When you are producing a dance track, after you’ve written a song you often have to simplify things down to kind of make it work in that format, which is a good and a bad thing––you’ve got a big kick drum that you need to kind of consider. The nice thing about doing these tracks acoustically is the arrangements have been more expansive. It’s not so much about the production, but more about the arrangement and the string parts and where the instrumentation is. There’s a bit more room to experiment and you can put more music in. You’ve got a bigger canvas to work with. There’s exciting things about both those extremes.

I actually got to listen to your new album and I especially loved how you reimagined "Black Room Boy". The vocals sounded like a vintage microphone or something- so what new song are you most excited to share like to be released and to share with crowds as you’re performing?

In the acoustic form, that’s a tricky one actually there’s a few. I think “On My Way To Heaven” is nice because it’s a nice version of that song, just because it makes the most of the string part. That’s a kind of good one live. I’m trying to think- “Save Me” is a track that I think works better in the acoustic form than it did on the original We’re All We Need album, so that’s kind of interesting. I think some of the songs sound good in both formats to me, but Save Me is one that I don’t think we quite got as I really liked it to be on the electronic album, I was never quite happy with it. But it kind of works here in the acoustic form better. And then I’m trying to think of what other ones we’ve done really, I’m trying to think of the sets it’s all been a bit of a blur. “Blue Sky Action” works well I think, and “All Over The World”. That one live works really really well I think.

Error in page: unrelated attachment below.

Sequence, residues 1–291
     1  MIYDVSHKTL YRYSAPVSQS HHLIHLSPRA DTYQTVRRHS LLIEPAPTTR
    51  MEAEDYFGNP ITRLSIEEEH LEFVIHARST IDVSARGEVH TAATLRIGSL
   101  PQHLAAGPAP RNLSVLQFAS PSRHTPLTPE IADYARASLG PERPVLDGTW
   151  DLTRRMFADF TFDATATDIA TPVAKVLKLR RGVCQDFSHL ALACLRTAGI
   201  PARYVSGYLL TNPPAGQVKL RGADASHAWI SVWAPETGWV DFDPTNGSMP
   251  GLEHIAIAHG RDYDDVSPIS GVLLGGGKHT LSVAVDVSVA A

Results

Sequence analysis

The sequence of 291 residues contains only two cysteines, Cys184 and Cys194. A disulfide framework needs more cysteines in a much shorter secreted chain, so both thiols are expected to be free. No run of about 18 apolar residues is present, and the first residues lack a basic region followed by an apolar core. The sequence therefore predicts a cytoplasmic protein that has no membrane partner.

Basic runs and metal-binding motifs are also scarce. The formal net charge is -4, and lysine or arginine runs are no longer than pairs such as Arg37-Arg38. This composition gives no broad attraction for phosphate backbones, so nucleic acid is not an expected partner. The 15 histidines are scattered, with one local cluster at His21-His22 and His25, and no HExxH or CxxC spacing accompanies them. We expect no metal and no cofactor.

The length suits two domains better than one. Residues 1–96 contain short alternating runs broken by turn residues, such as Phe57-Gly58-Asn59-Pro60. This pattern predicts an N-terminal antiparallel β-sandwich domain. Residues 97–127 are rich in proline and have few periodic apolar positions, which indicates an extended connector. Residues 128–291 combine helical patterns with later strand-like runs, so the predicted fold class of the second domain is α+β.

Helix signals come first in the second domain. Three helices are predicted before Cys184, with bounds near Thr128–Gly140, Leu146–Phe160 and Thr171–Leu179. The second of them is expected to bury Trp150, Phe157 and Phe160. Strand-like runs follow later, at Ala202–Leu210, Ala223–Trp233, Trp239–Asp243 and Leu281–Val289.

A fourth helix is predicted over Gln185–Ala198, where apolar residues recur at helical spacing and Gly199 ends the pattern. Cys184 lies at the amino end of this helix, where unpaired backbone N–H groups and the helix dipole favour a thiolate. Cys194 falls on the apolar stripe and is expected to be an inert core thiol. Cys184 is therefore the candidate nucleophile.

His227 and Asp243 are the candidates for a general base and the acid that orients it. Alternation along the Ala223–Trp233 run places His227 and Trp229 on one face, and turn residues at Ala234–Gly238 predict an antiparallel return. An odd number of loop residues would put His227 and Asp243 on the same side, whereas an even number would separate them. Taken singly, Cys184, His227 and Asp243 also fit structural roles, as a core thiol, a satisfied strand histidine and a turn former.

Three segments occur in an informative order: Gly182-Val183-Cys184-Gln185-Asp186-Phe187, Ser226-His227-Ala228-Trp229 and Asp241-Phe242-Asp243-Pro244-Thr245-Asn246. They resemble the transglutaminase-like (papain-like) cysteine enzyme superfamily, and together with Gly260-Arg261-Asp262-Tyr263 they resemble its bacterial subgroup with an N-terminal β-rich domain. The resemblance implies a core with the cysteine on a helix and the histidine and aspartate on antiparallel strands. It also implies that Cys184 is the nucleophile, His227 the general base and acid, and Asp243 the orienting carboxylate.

What are all the instruments you’ve been using to record?

Obviously, there’s the strings and brass. There is some mandolin on there, there’s Fender Rhodes, there’s obviously piano. Bob Bradley is the mastermind behind the arrangements, like I said. He put a lot of stuff on there...I don’t even know what some of it is!

So what’s the crowd reaction been like at these acoustic shows? Obviously your electronic sets are very high energy, and still very emotional but how has the crowd reaction been different in this kind of different setting? You guys are wearing suit jackets, it’s more relaxed, it’s more of an evening than a club night out.

It really depends I think on the city you play. We had quite a nice rowdy audience in New York actually, which is really good. And some of the audiences we’ve played like in Holland, the people were very, very respectful there. They clapped between songs but they were quiet during the set, compared to when we played in Manchester, we opened with “Hello” and when we opened with that track they started singing along. And the only lyrics in the track are “Hello,” so I think that was quite funny. But it really varies from venue to venue. And I think the venue influences how people are. The one in Holland, the venue is a beautiful sort of auditorium where you probably go see an orchestra or something. That kind of venue I suppose puts people in a certain mood as well as the music.

What do you hope that people are going to take away from Acoustic II and the tour?

They might see the songs in a different light. They might view us differently as musicians, it might also make people listen to the electronic versions of the songs––some people have brought their mums and dads to the shows and then they might discover Above & Beyond just beyond the acoustic project as well. So that’s kind of cool. It brings people closer to the songs, is the main thing.

What’s next for Above & Beyond?
The next thing really is to write our next electronic album, that’s what we’ll be doing in the studio next. So we’re not taking any breaks just yet on that, we’ve written quite a few songs, but I think there’s quite a bit more work to do before we can kind of bookend that one.


Above & Beyond's new album Acousitc II is out June 3rd.